Yet since 1945, the British imprint on the Mediterranean has faded as swiftly as any beach castle built in the sand. As Holland concedes, "Since the rise of the two superpowers, the United States and the Soviet Union, for whom the region was purely a supplementary theatre for their own mutual contests, the Mediterranean [has] relapsed into something less than the sum of its parts." Were it not for Blue-Water Empire confronting the reader like the broken statue of Ozymandias, it would be hard to imagine that the "keyboard of Europe" once played old England's tune. As Shelley wrote: "Nothing beside remains. Round the decay/Of that colossal wreck, boundless and bare,/The lone and level sands stretch far away."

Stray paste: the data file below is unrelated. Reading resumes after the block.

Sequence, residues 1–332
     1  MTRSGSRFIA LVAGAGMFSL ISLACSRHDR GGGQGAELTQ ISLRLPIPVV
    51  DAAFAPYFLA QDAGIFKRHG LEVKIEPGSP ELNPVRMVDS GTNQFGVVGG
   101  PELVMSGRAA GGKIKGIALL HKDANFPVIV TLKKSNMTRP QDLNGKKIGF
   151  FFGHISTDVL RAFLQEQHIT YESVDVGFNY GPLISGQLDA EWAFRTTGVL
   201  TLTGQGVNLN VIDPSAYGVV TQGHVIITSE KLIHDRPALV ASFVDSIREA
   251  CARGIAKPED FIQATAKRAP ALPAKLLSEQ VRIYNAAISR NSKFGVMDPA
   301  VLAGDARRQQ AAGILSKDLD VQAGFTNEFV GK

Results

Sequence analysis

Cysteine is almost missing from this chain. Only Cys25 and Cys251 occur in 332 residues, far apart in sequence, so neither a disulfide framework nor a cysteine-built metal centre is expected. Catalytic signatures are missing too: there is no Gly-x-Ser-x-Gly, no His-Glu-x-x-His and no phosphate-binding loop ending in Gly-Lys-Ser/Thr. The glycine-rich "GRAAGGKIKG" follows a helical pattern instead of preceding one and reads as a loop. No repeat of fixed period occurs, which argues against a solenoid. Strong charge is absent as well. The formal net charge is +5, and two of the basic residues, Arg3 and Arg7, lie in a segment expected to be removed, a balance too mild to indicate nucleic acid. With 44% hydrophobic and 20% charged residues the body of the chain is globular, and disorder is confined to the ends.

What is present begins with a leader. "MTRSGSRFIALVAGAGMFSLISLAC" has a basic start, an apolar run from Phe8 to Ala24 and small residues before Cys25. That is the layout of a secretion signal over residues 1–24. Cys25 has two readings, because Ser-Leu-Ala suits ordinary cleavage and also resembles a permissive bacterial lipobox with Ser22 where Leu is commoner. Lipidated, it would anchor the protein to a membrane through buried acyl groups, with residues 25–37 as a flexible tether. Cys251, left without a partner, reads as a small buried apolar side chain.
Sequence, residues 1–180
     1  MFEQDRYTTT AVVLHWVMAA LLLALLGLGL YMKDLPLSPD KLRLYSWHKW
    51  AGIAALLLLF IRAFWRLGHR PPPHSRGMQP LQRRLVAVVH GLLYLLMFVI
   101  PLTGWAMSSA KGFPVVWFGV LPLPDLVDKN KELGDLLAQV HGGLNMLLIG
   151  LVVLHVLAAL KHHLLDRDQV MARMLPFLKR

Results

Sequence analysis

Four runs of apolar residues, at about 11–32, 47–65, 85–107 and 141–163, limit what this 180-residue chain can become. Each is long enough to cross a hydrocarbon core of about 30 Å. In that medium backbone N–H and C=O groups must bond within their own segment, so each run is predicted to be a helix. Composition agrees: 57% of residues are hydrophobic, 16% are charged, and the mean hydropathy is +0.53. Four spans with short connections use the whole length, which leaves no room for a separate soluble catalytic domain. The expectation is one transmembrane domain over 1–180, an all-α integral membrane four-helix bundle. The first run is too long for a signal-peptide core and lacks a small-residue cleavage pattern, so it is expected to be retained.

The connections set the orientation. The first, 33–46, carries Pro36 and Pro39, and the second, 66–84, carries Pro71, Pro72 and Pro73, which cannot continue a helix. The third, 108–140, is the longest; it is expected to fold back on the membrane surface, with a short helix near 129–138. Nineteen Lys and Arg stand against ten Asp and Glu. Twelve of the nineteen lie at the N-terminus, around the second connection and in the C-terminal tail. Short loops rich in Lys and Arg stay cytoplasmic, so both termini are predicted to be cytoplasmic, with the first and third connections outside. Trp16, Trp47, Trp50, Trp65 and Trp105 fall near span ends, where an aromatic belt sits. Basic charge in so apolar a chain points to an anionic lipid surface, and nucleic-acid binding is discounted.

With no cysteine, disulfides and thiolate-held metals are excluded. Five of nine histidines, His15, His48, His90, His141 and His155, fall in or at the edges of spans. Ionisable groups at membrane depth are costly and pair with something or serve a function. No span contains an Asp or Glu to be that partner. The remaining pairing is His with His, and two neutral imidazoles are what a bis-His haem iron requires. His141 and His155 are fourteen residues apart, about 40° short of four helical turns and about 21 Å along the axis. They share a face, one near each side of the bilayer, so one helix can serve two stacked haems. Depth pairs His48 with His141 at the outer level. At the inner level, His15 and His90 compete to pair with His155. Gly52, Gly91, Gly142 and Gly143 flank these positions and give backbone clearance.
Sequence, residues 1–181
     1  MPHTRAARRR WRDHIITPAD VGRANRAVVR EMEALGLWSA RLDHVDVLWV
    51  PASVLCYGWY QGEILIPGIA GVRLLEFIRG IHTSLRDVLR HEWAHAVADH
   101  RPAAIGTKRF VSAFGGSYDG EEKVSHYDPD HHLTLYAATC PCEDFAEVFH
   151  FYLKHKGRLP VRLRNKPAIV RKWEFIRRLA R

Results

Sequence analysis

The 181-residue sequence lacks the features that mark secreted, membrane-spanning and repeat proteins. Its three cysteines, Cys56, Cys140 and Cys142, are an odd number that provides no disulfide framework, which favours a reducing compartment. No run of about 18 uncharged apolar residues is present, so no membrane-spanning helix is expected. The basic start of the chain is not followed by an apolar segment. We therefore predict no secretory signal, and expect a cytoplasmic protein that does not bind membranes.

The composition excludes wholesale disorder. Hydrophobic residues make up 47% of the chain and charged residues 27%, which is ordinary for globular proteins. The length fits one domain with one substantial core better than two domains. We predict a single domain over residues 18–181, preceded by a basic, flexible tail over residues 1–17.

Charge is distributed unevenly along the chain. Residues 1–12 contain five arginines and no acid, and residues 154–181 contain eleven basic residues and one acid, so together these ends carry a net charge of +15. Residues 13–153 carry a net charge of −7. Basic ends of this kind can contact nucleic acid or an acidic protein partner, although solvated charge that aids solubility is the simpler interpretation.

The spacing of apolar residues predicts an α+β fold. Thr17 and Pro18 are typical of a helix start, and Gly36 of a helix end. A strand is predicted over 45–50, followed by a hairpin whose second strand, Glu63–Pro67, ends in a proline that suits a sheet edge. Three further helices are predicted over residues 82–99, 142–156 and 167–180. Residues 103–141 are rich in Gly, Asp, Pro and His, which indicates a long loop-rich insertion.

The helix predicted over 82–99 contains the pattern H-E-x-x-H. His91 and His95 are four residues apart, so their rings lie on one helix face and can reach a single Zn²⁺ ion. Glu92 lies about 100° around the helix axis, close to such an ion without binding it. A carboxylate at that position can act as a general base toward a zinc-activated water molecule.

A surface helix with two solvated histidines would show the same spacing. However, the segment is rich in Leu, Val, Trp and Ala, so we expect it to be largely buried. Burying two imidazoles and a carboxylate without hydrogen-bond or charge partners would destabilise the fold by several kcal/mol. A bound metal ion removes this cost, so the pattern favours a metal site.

Amanda Foreman's latest book is "A World on Fire: an Epic History of Two Nations Divided" (Allen Lane, £14.99)